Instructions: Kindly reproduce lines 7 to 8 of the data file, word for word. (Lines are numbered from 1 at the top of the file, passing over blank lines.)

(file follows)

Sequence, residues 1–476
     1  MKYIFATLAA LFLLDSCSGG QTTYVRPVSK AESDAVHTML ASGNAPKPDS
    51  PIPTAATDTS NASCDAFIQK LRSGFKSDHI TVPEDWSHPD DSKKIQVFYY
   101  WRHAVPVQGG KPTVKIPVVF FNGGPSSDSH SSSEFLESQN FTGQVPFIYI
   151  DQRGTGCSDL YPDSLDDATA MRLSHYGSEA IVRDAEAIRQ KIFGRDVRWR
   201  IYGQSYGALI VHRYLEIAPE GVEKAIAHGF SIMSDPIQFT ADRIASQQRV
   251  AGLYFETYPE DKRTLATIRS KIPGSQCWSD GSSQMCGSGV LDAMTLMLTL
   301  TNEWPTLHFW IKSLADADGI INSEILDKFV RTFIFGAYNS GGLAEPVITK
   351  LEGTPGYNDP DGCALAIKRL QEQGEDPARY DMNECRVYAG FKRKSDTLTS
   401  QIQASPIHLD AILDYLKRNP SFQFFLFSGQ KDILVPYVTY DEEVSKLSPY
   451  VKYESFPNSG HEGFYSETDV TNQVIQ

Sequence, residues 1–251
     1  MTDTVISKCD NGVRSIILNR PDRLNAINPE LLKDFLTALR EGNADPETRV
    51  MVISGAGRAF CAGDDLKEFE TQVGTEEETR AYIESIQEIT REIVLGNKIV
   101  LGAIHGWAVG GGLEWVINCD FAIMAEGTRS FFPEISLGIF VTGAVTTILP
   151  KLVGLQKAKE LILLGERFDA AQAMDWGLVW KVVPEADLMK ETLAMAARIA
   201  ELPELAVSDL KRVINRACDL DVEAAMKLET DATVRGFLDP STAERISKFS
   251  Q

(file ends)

   251  AGLYFETYPE DKRTLATIRS KIPGSQCWSD GSSQMCGSGV LDAMTLMLTL
   301  TNEWPTLHFW IKSLADADGI INSEILDKFV RTFIFGAYNS GGLAEPVITK